If You Want To See Iconic Gorge Attraction Multnomah Falls This Year, You’d Better Go Online First
Originally published July 11, 2021 by OPB
Time is running out for a spur-of-the-moment trip to Multnomah Falls. Starting July 20, timed tickets will be required for one-hour visits to the popular sight-seeing destination east of Portland.
The U.S. Forest Service is adopting the ticketing system to address congestion at the Columbia Gorge hot spot. The 365-foot-tall falls attract nearly 2 million visitors annually. Traffic often backs up at the Interstate 84 offramp as motorists circle the lot looking for a rare parking spot to open up.
Donna Mickley, a forest supervisor with the federal agency, called the ticketing system “a tool we are using to enhance access, reduce congestion and mitigate the associated safety issues at this iconic location.”
The tickets will be required daily for visitors to the falls and the historic lodge from 9 a.m. to 6 p.m. As of Sunday, tickets were available for the dates of July 20 through July 25. Tickets for subsequent dates had not been released.
The Forest Service also is encouraging visitors to use transit options. From Portland, visitors can catch the Columbia Gorge Express at Gateway Transit Center or in Troutdale. Visitors can also hop on the Sasquatch Shuttle or Gray Line Open-Air Waterfall Trolley from parking lots in the Gorge.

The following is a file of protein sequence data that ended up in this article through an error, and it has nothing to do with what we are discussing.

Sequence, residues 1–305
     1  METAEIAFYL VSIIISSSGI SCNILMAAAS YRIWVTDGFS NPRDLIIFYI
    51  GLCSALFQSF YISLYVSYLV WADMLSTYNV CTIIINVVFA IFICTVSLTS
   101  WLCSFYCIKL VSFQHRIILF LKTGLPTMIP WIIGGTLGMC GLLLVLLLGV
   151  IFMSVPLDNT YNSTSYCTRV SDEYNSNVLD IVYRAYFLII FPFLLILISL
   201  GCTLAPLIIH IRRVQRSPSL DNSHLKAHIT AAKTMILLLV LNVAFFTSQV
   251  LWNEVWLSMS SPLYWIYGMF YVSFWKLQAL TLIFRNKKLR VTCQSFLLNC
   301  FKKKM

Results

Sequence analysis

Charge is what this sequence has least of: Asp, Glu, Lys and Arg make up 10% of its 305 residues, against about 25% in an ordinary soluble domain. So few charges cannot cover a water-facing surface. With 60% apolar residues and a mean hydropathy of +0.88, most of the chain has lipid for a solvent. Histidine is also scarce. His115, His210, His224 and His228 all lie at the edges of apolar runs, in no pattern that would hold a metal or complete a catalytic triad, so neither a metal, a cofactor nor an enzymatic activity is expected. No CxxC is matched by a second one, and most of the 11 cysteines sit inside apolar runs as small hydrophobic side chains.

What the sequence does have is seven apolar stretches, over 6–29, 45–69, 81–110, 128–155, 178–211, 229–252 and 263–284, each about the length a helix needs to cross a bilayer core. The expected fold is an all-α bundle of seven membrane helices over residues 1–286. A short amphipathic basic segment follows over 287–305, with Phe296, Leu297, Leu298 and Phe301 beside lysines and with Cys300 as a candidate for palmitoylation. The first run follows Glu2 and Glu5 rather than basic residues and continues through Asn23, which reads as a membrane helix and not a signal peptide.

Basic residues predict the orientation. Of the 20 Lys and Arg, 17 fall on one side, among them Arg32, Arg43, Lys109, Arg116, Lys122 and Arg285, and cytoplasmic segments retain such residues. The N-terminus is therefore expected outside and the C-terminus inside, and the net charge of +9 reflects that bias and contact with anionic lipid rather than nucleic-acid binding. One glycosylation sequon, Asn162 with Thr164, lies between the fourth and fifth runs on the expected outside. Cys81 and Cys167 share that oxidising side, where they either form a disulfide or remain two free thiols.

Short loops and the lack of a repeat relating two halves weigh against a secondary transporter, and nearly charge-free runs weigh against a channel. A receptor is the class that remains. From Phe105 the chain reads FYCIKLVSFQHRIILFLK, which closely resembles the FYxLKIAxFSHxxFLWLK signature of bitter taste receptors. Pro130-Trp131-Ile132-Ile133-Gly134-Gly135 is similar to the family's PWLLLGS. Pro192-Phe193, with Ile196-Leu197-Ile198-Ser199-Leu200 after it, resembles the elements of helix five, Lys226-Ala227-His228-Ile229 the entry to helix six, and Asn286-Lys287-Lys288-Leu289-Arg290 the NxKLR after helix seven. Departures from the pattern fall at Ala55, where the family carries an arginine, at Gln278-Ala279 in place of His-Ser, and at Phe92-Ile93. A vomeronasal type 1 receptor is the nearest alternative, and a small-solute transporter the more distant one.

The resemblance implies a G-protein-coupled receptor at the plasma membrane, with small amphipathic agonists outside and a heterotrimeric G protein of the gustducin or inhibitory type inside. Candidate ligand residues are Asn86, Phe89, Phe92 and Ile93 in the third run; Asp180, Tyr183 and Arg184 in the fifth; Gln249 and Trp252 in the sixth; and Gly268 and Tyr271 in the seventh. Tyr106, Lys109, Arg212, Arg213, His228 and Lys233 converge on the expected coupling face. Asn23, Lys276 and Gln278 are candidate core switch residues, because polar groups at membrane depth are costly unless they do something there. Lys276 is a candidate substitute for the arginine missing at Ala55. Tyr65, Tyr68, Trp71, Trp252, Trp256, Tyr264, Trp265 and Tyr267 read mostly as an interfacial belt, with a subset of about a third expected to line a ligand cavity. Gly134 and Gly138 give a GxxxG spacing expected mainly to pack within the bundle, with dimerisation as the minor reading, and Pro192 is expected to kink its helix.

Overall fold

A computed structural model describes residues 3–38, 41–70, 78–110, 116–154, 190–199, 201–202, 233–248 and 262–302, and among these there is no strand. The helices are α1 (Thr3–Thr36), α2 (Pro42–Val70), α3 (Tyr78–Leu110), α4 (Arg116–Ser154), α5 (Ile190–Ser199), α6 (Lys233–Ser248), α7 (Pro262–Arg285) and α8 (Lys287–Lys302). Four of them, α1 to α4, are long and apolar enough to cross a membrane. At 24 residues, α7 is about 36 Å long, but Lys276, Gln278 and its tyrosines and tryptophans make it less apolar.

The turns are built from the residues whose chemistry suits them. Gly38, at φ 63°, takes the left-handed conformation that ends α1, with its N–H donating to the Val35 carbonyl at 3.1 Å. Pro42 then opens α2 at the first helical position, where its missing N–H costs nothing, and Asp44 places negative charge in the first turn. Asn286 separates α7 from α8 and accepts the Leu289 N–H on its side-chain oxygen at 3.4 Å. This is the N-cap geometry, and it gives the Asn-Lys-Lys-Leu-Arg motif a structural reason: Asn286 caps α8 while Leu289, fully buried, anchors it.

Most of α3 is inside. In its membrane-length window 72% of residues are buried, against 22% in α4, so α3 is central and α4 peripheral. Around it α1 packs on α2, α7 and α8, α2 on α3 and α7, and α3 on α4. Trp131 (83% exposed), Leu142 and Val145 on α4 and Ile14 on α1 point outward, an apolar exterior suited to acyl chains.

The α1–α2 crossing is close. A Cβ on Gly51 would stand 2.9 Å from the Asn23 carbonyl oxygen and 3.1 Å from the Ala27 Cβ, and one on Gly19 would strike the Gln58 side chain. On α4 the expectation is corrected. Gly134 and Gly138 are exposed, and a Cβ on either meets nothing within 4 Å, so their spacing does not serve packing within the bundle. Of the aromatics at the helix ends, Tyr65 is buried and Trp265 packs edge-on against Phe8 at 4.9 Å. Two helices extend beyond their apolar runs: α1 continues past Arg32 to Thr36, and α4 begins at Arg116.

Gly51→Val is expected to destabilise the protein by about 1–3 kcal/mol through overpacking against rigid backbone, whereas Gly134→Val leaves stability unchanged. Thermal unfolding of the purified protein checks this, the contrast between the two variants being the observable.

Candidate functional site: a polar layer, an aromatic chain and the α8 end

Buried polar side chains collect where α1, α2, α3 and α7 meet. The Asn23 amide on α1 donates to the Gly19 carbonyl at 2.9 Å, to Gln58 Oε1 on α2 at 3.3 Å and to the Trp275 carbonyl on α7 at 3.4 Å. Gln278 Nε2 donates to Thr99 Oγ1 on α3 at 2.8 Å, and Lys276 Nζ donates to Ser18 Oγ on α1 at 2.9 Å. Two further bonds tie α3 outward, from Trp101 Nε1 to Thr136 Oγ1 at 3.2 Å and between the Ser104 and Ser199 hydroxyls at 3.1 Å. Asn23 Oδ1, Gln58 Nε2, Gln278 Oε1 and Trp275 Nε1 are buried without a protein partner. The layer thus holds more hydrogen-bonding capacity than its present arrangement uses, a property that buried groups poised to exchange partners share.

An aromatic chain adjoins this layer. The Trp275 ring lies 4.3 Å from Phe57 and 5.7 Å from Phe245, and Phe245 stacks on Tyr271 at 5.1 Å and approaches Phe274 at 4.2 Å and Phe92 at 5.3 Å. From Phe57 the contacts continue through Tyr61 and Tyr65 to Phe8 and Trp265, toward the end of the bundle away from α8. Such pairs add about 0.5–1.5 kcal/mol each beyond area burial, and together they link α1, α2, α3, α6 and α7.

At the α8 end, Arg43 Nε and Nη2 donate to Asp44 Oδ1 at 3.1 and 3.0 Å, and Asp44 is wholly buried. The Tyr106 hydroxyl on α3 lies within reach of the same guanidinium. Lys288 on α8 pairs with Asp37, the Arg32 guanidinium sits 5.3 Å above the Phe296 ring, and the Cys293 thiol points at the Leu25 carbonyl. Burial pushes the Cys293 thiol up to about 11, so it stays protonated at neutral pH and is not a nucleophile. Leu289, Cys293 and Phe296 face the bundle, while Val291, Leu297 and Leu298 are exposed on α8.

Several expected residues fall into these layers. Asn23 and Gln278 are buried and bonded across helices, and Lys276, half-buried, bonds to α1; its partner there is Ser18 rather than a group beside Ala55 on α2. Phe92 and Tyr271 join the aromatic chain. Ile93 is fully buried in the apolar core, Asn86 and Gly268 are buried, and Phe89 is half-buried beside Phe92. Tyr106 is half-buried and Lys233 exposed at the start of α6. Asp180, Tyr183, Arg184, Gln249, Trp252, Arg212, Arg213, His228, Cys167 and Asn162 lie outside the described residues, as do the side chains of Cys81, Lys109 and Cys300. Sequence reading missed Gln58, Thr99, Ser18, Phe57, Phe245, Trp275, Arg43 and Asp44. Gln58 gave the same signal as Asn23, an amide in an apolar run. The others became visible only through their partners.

Tickets are free but come with a $1 dollar reservation fee. They can be secured by going to Recreation.gov.
Copyright 2021 Oregon Public Broadcasting. To see more, visit opb.org
Report To Washington State Parks Commission Shows Barriers For Black Community Outdoors
The Washington State Parks Commission says it wants more Black community members to enjoy the outdoors. Continue Reading Report To Washington State Parks Commission Shows Barriers For Black Community Outdoors
Riding Or Hiking Across Washington State Just Got Easier With New Bridge Over Columbia River
The Columbia River has long divided the two halves of Washington’s cross-state Palouse to Cascades State Park Trail. Now, a rebuilt rail trestle over the river south of Vantage connects the two sides making it easier for cyclists, horse riders and hikers to undertake a spectacular east-west journey. Continue Reading Riding Or Hiking Across Washington State Just Got Easier With New Bridge Over Columbia River
How A Box Of Negatives Led To A Journey Through Northwest Mountaineering History
Reporter Courtney Flatt finds out who is the person in a box of old pictures. Continue Reading How A Box Of Negatives Led To A Journey Through Northwest Mountaineering History